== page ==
$ 12. Having given an accơunt of the nature of Tropes in general, I shall conclude the chapter with two observations.

First, If we would have a distinct and full idea of the beauty of a Trope, let us substitute the natural expressions in the room of the tropical, and divest a bright phrase of its ornaments, by reducing it to plain and simple language, and then observe how inuch wé abate the value of the

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discourse. * Ου γαρ δει καταναν εν τοις υψεσιν εις τα ρυπαρα και εξυβρισμενα, αν μη σφοδρα υπο τιν@- ανακης συνδιωκωμεθα" αλλα των πραγματων πρεπoι αν και τας φωνας εχειν αξιας, και μιμειθαι την δημιεργήσασαν φυσιν του ανθρώπου, ητις εν ημιν τα fespan ta anoppata ex e@nesv_ev poowww, ude ta Ty warlei o[x8 mepono nuata. anexpulato d'e, wg ceny, xab, Xata Tor 2e*90@Wyta, “ TEC TYPEWN OTO wopperalw Ogstes Ames pater," xdafhin xaraigurao u TO T8 ono {ws xanac. LONGIN, de Sublia mitate, $ 43.

discourse. Of this method Cicero gives us an example;

“O live, ULYSSES, while you may,
“ Snatch the last glimpses of the golden day.

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“ The Poet does not say, take or seek (for either “ of those words would intimate delay on the « part of the speaker, as hoping that ULYSSES “ would live some time longer) but snatch. This “ word agrees with what is said before, while you may *.”

Secondly, Tropes and metaphorical expressions are used, according to the abfervation of Mr BLACKWALL, is either for necesity, emphasis, or 9 decency. ' For necessity, when we have not pro« per words to declare our thoughts; for empha

fis, when the proper words we have are not so :« comprehensive and significant; for decency, :“ when plain language would give offence and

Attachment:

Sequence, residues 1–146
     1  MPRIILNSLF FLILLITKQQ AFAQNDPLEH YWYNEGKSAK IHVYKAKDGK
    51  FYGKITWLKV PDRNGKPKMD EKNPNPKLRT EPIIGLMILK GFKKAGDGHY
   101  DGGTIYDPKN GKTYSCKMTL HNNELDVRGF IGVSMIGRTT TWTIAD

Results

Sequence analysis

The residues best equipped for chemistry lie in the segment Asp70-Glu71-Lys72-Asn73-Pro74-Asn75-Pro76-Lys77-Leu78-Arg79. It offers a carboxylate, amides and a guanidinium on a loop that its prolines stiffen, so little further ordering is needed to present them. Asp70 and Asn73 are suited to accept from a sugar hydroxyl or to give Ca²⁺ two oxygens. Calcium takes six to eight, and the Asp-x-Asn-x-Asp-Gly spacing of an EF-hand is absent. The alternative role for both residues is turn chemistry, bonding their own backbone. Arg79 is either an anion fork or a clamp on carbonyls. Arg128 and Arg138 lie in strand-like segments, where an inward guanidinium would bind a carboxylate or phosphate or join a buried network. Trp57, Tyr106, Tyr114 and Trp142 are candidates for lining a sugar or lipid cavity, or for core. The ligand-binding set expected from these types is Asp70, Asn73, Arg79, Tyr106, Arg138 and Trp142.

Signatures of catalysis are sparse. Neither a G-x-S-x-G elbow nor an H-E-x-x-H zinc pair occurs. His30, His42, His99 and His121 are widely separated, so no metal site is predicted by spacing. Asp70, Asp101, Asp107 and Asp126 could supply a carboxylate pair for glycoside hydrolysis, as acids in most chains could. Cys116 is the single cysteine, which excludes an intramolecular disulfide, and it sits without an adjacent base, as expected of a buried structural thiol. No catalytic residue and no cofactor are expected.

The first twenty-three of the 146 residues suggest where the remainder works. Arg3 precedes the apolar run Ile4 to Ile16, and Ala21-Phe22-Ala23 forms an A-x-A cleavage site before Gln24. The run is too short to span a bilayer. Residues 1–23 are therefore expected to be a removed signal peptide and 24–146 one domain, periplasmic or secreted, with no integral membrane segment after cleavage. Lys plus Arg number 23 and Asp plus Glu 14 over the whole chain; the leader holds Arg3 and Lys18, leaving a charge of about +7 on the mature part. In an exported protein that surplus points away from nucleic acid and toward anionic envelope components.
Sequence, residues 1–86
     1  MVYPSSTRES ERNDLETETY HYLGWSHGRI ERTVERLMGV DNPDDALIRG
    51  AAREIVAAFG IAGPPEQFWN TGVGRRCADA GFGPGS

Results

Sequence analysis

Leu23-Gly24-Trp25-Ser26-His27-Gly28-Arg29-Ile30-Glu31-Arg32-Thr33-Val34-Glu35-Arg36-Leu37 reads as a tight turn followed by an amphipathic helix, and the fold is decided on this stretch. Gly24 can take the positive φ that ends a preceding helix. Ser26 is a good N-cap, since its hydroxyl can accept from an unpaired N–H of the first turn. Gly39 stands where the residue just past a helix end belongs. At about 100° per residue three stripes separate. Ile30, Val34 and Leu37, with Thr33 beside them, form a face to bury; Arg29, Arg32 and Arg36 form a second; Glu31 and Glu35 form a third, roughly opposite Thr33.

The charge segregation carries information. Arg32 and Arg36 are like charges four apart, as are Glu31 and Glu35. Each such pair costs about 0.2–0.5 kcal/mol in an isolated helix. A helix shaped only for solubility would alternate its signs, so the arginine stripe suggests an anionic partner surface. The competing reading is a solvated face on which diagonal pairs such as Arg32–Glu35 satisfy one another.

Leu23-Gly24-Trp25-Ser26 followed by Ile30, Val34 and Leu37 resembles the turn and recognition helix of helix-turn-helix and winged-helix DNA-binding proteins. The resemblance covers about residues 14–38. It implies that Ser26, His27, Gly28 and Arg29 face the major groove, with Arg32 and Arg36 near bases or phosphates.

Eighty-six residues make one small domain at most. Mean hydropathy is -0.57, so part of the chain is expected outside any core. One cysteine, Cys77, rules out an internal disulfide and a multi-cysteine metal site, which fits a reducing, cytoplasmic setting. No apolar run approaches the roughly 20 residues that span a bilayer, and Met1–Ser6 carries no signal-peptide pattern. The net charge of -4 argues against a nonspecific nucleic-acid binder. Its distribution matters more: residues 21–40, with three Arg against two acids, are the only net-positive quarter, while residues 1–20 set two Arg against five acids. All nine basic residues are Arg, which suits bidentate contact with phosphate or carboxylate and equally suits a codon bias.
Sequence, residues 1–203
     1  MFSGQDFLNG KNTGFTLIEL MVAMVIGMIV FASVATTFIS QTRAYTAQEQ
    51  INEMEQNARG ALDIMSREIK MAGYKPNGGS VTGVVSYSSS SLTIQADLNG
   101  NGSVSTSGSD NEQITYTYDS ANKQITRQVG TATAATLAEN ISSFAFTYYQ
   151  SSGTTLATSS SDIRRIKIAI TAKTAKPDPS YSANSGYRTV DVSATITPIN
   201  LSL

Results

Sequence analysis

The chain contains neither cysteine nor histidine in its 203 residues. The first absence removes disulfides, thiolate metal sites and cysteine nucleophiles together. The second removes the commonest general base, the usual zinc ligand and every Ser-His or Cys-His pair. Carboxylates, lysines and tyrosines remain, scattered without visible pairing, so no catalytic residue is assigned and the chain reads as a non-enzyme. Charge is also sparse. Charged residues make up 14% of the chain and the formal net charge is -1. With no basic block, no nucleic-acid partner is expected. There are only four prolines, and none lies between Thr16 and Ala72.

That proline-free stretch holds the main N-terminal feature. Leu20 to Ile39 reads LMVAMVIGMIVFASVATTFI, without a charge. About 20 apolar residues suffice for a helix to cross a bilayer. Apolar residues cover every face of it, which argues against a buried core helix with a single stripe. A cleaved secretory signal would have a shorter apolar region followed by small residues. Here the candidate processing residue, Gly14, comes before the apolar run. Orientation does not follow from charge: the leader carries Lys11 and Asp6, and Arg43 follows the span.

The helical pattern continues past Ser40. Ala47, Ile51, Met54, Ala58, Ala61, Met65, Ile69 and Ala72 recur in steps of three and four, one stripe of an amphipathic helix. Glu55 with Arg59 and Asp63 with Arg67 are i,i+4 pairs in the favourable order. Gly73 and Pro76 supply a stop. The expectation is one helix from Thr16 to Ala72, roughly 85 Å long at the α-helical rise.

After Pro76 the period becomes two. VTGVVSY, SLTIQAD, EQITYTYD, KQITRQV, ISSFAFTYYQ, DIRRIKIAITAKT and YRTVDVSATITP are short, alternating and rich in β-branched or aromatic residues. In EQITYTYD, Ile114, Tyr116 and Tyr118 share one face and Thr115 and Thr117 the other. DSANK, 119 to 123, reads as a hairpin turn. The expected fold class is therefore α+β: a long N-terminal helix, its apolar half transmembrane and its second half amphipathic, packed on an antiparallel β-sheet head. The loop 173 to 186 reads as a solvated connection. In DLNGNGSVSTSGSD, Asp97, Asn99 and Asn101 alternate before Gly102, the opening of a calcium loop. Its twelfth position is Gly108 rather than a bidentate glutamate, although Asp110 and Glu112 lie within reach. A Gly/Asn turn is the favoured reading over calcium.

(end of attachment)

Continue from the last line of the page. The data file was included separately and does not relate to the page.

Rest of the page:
distaste to the Reader t."

Vive, Ulysses, dum licet . Oculis poftremum lumen radiatum rape. · Non dixit cape, non pete; haberet enim moram sperantis dio. tius esse fese victurum, sed rape; hoc verbum eft ad id apta

tum, quod ante dixerat, dum licet. Cicer. de Orat. -- Jib. iii. $ 40. .

+ BLACKWALL's Introduction to the Cleffics, part ii. chap. r.

CHAPTER

CHAPTER II.
The METAPHOR considered. **

§ 1. The definition of a Metaphor. $ 2. How

distinguished from a Trope, or how it appears to be only a species of the Trope. $ 3. How diftinguished from a Comparison. $ 4. What necessary to constitute a Metaphor or Comparison. $ 5. Which to be preferred, the Metaphor or Comparison, and upon what account. $ 6. InStances of Metaphors frorn Scripture. $7. Encomiums upon the Metaphor, by Cicero, ADDI. SON, LONGINUS, and Rollin. $. 8. The Metaphor requires wisdom and delicacy to manage it. $ 9. We should take heed our Metaphors are not inconsistent. $ 10. The indulgence and privilege in the use of Metaphors considered and confirmed

by examples. $ II. Mcthod how to avoid inconsistent Metaphors. $ 12. Inftances of incon

fiftent Metapbors in Authors of the first reputation, DODDRIDGE, Young, TILLOTSON, AN, DISON, and Cicero. § 13. Examples of beautiful Metaphors from DOODRIDGE, YOUNG, TILLOTSON, Addison, and CICERO. § 14. Metaphors not to be pursued too far; with instances of faults of this kind. $ 15: Metaphors C 3

not